I read this post because I thought, now here is something I can help with, but nope I was wrong. I have taught first and second grade for more than two decades, but we never give out letter grades. We communicate with parents what skills each child has acquired and what they will focus on next. We use real literature to read and discuss all the story elements and work on reading with fluency and expression among other things. I just don't understand exactly what your child's teacher is trying to teach. I am so afraid that your little guy will learn that reading is not very enjoyable. Reading should be fun, my kids are so happy when we have extra time and they can read independently. I don't want my students to just know how to read I want them to love to read and continue to do so after they leave school, or what's the point in teaching reading???

Sorry for the soapbox speech...

I am sorry to say that I have watched so many kids take tests that I am completely jaded with them. The most gifted student I every taught could not pass a multiple choice test. He could find one way that every answer suggested could be correct and his reasons were always logical. I have watched other kids not read a single question, but make a "pretty pattern" and get really good scores.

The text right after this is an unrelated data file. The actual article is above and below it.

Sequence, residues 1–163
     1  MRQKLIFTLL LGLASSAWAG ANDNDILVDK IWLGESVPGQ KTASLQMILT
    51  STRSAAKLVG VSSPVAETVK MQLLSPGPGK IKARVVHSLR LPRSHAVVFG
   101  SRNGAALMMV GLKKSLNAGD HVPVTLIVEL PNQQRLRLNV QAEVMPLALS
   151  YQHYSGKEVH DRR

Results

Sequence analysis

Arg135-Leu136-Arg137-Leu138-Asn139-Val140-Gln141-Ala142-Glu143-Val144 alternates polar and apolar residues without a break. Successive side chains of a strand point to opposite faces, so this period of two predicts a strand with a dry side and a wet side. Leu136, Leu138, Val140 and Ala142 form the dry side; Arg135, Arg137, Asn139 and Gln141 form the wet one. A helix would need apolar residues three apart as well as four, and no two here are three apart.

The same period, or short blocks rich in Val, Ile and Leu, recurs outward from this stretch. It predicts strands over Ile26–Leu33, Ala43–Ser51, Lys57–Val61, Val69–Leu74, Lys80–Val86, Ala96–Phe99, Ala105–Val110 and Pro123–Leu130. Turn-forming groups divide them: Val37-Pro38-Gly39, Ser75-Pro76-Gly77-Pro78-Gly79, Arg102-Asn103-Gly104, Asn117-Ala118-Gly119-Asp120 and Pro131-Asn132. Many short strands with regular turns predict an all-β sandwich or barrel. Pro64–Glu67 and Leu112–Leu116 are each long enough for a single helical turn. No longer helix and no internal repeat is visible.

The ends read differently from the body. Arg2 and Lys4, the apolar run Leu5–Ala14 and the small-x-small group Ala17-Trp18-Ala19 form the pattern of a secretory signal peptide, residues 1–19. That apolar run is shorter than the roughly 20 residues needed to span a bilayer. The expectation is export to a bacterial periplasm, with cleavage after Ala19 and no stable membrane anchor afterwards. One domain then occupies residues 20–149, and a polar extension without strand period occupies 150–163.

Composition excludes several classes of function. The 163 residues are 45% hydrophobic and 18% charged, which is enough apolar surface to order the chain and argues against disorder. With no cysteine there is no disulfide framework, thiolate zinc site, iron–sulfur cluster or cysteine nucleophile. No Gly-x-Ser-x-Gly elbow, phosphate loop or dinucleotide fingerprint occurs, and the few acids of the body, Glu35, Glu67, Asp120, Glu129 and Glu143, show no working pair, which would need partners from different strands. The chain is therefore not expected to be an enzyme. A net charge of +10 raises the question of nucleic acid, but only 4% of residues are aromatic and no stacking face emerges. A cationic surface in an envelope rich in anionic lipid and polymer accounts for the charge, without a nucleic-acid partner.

So, talk to the teacher, she is there to help. Online and in teacher stores there are booklets (like black line masters) that focus on test taking skills. Kids actually have to learn HOW to take a test. You can find one that is specific for second grade. Teach him to start his answer to the open ended questions with several of the words from the question. Have him read the question and his answer and ask himself "have I answered what was asked" before he goes onto the next question.

Be really proud of the Hard Work he is putting in. You know the grades you get in second grade really don't keep you out of Harvard! Highly successful people are the ones that learned to work hard and keep going when they met a challenge, not the ones with the highest GPA.